Given the volatility in the markets, if your head is spinning, you have my sympathy.
The intraday volatility over the last 10 days in the S&P 500 Index has been high. The Volatility Index, which is an implied measure of daily stock market volatility, is not up that much but realized volatility surely feels like it is much higher.
Just look at the 10-day intraday volatility in the S&P 500 (Exhibit 1).
The question then is: Given the extent of the correction and the perceived volatility in equity markets, how would we know if the turbulence is over or just reached a near-term low?
Waiting for China
From a fundamental standpoint, my guess is that if we somehow could assert that China is nearing the end of the adjustment period in its economy, it would definitely be a cathartic moment for the global capital markets. Since that marker is, at best, at least a few years away and, at worst, a decade or two away, I suppose waiting for it would be like waiting for Godot, in other words, waiting for something that will never arrive.
Furthermore, the global debt and deflationary overhang makes it unlikely that the bottom in asset prices driven by any fundamental improvement in the global growth picture is coming anytime soon.
Fed Policies Matters Most
So if the fundamentals are unlikely to get us there, it has to be central bank liquidity. Raising asset prices through increased liquidity is a tried and true central bank strategy, especially in periods of debt and deflationary overhang.
In that context, the central bank that matters most is the U.S. Federal Reserve (Fed). The European Central Bank and Bank of Japan can help, but given the fact that economic trend growth in the U.S. is likely to be meaningfully higher on a sustained basis than in Europe or Japan, it is the Fed that must keep the U.S. economy out of the deflationary dragnet through a monetary policy. If such a policy is not forthcoming, in my view, financial markets stability is not forthcoming, either.
Unfortunately, the Fed has badly muddled its monetary policy message over the last 18 months. Fed policymakers have gotten the worst of all outcomes: they have not been able to get off of the zero lower bound but, due to policy missteps, have been able to crush the animal spirit and thus the growth potential of the U.S. economy. So it seems to me that if we are going to get stability in the markets, the Fed has to back off – and back off on a permanent basis, or at least until the global deflationary readjustment is well underway.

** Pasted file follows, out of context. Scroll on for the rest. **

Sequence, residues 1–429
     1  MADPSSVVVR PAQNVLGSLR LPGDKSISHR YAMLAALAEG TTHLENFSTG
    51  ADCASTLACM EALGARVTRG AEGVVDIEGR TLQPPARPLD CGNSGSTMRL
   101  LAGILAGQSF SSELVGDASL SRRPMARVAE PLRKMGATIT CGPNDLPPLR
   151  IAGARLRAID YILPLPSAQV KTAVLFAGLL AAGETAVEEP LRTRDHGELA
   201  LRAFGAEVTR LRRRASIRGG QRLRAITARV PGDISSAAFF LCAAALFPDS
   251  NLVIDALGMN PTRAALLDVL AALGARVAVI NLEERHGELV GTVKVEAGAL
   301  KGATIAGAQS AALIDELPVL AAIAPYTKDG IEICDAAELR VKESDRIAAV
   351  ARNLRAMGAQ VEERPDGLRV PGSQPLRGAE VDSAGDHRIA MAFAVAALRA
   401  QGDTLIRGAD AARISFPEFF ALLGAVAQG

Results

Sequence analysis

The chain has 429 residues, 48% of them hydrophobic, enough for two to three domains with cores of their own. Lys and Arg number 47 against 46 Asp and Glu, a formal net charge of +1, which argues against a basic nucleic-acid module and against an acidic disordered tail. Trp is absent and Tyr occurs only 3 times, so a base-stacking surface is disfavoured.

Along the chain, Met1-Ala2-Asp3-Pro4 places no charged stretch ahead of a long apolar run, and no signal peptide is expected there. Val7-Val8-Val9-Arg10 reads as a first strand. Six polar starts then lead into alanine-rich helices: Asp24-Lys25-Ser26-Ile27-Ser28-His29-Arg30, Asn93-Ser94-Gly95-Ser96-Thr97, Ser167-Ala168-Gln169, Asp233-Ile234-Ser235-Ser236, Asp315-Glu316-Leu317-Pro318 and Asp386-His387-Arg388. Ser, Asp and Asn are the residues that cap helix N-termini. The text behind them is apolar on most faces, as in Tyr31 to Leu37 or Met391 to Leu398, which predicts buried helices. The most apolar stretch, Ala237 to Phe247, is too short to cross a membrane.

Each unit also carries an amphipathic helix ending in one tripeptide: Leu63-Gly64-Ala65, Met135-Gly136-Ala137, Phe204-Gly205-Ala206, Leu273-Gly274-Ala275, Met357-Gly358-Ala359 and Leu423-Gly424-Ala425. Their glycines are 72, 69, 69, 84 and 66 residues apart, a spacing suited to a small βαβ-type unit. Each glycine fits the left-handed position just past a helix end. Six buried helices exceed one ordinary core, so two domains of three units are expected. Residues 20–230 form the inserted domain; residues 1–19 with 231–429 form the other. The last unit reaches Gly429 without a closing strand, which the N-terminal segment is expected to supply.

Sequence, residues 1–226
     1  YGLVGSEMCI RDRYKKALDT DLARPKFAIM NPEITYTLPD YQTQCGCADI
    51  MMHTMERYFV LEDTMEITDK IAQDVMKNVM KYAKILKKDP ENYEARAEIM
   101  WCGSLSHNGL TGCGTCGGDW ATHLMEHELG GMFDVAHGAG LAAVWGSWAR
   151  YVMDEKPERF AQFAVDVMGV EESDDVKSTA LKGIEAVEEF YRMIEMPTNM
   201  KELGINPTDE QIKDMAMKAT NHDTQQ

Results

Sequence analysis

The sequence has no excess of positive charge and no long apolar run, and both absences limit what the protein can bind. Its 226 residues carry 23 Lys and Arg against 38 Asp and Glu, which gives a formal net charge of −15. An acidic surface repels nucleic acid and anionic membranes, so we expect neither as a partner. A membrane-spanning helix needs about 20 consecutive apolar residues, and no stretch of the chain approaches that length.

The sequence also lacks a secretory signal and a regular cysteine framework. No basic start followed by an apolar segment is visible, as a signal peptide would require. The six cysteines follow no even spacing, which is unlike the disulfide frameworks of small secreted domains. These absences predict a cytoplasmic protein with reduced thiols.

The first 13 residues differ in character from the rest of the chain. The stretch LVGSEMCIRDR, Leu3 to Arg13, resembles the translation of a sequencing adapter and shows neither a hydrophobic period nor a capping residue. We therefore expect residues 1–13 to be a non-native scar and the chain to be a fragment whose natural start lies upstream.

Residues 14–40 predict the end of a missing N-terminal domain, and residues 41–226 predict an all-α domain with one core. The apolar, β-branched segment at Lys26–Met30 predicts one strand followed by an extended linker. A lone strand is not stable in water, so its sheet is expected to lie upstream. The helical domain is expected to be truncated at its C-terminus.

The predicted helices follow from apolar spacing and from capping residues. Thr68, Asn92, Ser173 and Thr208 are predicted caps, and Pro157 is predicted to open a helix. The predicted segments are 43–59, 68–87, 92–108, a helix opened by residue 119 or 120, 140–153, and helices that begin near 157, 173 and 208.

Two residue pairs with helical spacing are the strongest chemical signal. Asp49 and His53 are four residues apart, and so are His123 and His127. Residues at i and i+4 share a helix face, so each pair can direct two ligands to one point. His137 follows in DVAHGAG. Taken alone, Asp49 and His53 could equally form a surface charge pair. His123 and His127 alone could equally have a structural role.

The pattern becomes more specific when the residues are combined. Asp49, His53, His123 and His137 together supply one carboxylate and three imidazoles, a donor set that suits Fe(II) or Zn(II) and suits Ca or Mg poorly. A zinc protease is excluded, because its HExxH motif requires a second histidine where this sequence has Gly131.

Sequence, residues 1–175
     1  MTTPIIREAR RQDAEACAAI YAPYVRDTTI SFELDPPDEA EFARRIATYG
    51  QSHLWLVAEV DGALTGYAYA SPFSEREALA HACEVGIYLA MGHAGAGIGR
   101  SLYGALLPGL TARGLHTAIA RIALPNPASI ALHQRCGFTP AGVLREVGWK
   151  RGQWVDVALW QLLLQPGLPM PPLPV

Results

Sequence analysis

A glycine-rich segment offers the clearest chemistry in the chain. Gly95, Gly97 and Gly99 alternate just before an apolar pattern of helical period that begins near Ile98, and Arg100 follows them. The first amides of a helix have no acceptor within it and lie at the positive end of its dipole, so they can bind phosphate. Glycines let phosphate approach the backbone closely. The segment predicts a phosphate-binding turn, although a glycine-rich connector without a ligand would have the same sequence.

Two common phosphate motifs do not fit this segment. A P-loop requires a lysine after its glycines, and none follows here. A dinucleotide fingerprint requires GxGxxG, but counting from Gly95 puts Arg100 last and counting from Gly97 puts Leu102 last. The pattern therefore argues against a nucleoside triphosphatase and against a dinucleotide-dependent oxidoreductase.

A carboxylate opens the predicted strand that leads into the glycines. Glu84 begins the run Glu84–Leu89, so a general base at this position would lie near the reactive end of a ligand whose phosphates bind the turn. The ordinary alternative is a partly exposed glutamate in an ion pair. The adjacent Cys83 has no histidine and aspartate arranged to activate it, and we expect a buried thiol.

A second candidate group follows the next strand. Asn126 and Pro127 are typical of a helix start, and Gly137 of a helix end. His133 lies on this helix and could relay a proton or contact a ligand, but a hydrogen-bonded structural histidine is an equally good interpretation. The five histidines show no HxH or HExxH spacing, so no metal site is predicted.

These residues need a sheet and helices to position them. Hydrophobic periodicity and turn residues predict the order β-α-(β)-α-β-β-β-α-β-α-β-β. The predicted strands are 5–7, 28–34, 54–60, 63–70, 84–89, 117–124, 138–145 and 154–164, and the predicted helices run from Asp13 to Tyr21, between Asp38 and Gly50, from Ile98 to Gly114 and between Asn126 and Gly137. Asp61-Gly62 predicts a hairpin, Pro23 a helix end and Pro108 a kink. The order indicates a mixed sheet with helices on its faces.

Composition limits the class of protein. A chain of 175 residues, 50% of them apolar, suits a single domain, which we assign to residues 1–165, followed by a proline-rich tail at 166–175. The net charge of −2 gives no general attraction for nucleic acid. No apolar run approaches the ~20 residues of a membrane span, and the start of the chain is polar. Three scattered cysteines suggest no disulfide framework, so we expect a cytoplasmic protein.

But the Fed is unlikely to step up and tell us that it is going to back off. Instead, the markets will start discounting that proposition and, clearly, the markets have started thinking and pricing their thinking along those lines. However, looking to the rates market, which reflects the market’s combined expectations on future interest rate moves, being able to tell whether the Fed is backing off on a permanent basis is going to be almost impossible.
Dollar Correction Not Enough
So, what am I watching to make sure that something along those lines is getting priced in? Simple answer: the dollar. A significant correction in the dollar means the Federales are retreating.
Guess what? The dollar has had one of the biggest sell-offs in a year over the last few days (Exhibit 2).
Does it mean we are getting close to a bottom? I am certainly encouraged by the price action of the dollar. However, when I look at the longer term picture of the dollar, I get somewhat discouraged (Exhibit 3).
In my mind, a further significant weakening of the dollar is a necessary condition, but not sufficient all on its own for the markets to reach their low and begin their turnaround. How much more does the dollar have to weaken for that to happen? Probably close to its 2014 levels.
However, the January employment report may make it less likely the dollar will weaken to that level any time soon. While the U.S. economy created a slightly less-than-forecast 151,000 jobs last month and the Labor Department revised December’s jobs number downward, all the other aspects of the report were quite strong: Positive growth in manufacturing, meaningful wage growth, and a drop in the unemployment rate to 4.9%, the lowest since February 2008.
In sum, the January labor report indicates that additional rate hikes may still be on the table, as strong employment and wage growth may be a sign the U.S. economy is moving closer to reaching the Fed’s inflation target. Fed policymakers may skip another tightening in March, as Vice Chair William Dudley has indicated, but the Fed remains very much in play. That means a stronger dollar and, as a result, continued stress in the financial markets.
Until the markets think the Fed has gotten off the tightening path permanently, I don’t think we will reach a low.
Follow @krishnamemani for more news and commentary.
S&P 500 Index
The S&P 500 Index is a capitalization-weighted index of 500 stocks intended to be a representative sample of leading companies in leading industries within the U.S. economy.
The Chicago Board Options Exchange (CBOE) SPX Volatility Index (VIX) represents the market’s expectation of 30-day volatility of the S&P 500 Index. It is constructed using the implied volatility levels of a wide range of S&P 500 options. This volatility is intended to be forward looking and is calculated from calls and puts. The VIX is a widely used measure of market risk.
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